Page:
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Vietnam, Cambodia, et. al.

Phnom Penh

CAMBODIA | Sunday, 23 November 2008 | Views [895]

The roof lines are spectacular, Royal Palace, Phnom Penh

The roof lines are spectacular, Royal Palace, Phnom Penh

This was a day of revelation, tour group style.  We got up early and were soon reunited with the group that spent the night on land.  Even Paula and Michael came to the floating hotel to change boats.  Initially we were upset that we didn’t get to spend a night on the boat – but not now.  Paula said it was a floating hostel with 24 people sleeping dormitory style.  And Bill said their hotel was noisy so I guess we lucked out.

We took a quick trip to a floating fish farm and a Muslim Cham village before catching our boat upstream to Phnom Penh.  Everyone else who had booked on the “slow boat” upgraded to the fast boat leaving the guide little choice what to do with us.  He waived the $10 fee and put us on the fast boat too.  As a result we arrived in Phnom Penh around 3pm instead of nine.  The border crossing was a snap since we already had visas for Cambodia and the guide took our passports through the Vietnamese exit process.

Cambodia is one of those places that exist just on the edge of our radar.  We are vaguely aware of the splendor of Angkor Wat but don’t know what it is.  Wasn’t there something about a US incursion into Cambodia in ’70?  And we were shocked to learn of Pol Pot’s “Killing Fields.” 

Cambodia today is a recent incarnation of an ancient civilization.  The people are mostly Khmer with a culture dating back 2000 years with major Indian influences. It was once known as Kambuja and included Siam (Thailand) and northern and central Vietnam.  The rulers were god-kings.  French colonialism wasn’t limited to Vietnam and by the end of the 19th Century Cambodia had become a French colony.  Independence didn’t solve all the problems and soon the Khmer Rouge was running the country – into the ground!  During the Pol Pot years nearly 1.7 million people died.  Modern Cambodia came about after the United Nations intervened in 1992 but there have been coups since then.  Although it is officially known as the Kingdom of Cambodia it is a thinly disguised dictatorship with former Khmer Rouge members in power.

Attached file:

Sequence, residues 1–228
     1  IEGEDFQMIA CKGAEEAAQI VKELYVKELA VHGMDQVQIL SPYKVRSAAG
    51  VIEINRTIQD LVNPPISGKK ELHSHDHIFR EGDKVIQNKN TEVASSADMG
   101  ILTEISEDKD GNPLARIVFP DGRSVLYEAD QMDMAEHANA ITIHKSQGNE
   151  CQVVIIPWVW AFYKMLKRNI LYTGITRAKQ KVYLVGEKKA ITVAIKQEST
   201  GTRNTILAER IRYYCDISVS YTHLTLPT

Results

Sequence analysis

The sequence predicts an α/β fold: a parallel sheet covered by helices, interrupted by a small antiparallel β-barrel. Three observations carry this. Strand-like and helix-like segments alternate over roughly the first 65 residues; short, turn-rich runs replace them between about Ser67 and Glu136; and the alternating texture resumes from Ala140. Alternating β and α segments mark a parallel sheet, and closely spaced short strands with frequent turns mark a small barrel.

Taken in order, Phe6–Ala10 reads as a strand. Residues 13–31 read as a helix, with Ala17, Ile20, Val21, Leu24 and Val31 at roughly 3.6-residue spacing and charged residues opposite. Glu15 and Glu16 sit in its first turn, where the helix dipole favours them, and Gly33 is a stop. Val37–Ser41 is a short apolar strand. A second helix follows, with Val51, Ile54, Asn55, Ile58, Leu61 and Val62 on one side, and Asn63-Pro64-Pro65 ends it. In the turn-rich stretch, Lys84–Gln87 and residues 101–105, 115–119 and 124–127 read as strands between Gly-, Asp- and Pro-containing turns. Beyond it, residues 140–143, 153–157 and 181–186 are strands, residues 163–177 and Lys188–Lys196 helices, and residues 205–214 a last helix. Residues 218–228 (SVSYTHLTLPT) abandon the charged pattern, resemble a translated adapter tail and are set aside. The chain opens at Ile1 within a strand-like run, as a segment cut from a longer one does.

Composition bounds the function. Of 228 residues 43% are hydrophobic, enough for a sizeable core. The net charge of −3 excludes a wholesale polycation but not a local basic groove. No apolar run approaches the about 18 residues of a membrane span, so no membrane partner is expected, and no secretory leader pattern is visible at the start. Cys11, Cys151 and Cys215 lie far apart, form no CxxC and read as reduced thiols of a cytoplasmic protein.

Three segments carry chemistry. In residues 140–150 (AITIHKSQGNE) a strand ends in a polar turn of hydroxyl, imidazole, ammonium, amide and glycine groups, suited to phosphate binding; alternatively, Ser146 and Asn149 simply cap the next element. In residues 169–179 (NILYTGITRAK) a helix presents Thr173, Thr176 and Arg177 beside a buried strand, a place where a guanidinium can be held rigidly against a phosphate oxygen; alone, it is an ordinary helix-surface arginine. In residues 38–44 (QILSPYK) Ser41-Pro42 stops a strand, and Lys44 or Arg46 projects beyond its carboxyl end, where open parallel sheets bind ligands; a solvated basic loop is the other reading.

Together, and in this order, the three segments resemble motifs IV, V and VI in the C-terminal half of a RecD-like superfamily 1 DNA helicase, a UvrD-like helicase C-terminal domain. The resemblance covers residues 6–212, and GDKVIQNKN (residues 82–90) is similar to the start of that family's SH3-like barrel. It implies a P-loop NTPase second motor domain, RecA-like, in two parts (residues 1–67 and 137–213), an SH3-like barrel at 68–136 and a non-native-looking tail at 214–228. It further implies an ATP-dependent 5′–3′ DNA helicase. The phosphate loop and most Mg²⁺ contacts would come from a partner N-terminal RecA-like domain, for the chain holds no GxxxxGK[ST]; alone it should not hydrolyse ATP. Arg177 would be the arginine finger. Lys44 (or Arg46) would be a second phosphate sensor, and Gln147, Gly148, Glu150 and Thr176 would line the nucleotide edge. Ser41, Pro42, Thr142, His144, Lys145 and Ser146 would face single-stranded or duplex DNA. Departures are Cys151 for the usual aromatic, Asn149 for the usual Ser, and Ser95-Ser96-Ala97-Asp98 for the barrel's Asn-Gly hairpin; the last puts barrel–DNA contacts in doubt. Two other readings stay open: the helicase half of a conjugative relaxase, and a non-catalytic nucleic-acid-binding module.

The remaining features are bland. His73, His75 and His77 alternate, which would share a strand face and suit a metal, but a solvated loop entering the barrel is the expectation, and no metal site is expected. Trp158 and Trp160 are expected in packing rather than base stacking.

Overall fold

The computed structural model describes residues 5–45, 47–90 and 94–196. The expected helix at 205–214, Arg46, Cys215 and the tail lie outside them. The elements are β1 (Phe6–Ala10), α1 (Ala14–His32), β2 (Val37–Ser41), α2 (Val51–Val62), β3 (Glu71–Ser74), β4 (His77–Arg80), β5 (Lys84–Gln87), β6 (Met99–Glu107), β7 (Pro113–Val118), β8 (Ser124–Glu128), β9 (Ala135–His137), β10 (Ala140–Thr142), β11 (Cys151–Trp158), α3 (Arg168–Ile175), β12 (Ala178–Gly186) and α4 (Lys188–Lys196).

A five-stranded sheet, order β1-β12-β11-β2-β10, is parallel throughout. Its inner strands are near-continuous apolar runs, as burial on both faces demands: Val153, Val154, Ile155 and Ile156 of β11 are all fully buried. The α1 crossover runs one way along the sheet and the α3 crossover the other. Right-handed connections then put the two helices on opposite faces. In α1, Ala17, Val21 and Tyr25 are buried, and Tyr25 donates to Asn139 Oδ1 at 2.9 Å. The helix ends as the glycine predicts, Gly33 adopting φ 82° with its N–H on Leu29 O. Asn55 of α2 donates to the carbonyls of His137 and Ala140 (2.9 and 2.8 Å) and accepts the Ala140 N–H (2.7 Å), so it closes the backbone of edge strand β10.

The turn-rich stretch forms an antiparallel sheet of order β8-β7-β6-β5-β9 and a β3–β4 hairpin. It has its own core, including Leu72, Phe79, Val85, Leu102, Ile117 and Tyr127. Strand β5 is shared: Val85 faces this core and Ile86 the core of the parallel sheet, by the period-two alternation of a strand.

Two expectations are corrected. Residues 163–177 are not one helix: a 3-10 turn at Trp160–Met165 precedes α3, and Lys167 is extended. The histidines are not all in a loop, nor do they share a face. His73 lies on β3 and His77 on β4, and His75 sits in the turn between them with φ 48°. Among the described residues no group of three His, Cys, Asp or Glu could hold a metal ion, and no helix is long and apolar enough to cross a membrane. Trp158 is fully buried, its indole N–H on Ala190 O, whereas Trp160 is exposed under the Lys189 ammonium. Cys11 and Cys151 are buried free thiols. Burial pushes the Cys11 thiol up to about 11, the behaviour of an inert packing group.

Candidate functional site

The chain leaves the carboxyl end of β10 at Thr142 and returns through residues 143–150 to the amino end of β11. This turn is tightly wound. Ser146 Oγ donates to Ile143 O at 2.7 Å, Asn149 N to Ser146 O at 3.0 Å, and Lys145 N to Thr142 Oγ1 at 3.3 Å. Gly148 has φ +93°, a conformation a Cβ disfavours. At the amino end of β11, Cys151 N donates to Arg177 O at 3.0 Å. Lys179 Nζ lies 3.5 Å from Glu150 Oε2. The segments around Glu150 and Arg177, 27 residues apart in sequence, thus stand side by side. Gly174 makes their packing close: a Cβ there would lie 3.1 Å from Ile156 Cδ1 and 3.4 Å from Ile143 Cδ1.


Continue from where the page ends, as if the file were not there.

Phnom Penh, the capital of Cambodia, is a city of 1.5 million people.  We are staying in the mainly tourist area along the river and near the best sites.  There are Buddhist monks, beggars, tuk-tuk drivers, book sellers and a zillion restaurants and hotels along the Tonle Sap River.  The official currency is the riel but most prices are in American dollars.  After changing hotels and Vietnamese dong, we spent the morning at the Royal Palace.  It is impossible to follow the succession of Cambodian kings but the palace architecture is striking with roof tiles sparkling in the morning sun.  One section is surrounded by a wall about a kilometer long, every inch covered by a mural depicting daily life in different parts of Cambodia.  The Silver Pagoda (aka Pagoda of the Emerald Buddha) is extraordinary and the royal Throne Room reminds you that “it’s good to be the king.”  (Mel Brooks, “History of the World, Pt. I.”)

We stumbled upon Edelweiss, a German owned restaurant with home-made brats and great kartafelsalat.  Connie finds it ironic that the best cordon bleu she ever ate was at a German restaurant in Cambodia.  Talk about globalization!    

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